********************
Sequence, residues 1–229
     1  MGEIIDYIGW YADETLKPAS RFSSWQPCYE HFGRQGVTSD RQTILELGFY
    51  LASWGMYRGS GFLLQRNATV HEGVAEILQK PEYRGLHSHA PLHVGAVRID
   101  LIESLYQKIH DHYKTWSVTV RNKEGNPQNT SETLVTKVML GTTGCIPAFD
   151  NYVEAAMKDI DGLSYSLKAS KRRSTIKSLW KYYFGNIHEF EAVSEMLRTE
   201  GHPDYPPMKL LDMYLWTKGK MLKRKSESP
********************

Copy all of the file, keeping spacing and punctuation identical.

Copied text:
Sequence, residues 1–229
     1  MGEIIDYIGW YADETLKPAS RFSSWQPCYE HFGRQGVTSD RQTILELGFY
    51  LASWGMYRGS GFLLQRNATV HEGVAEILQK PEYRGLHSHA PLHVGAVRID
   101  LIESLYQKIH DHYKTWSVTV RNKEGNPQNT SETLVTKVML GTTGCIPAFD
   151  NYVEAAMKDI DGLSYSLKAS KRRSTIKSLW KYYFGNIHEF EAVSEMLRTE
   201  GHPDYPPMKL LDMYLWTKGK MLKRKSESP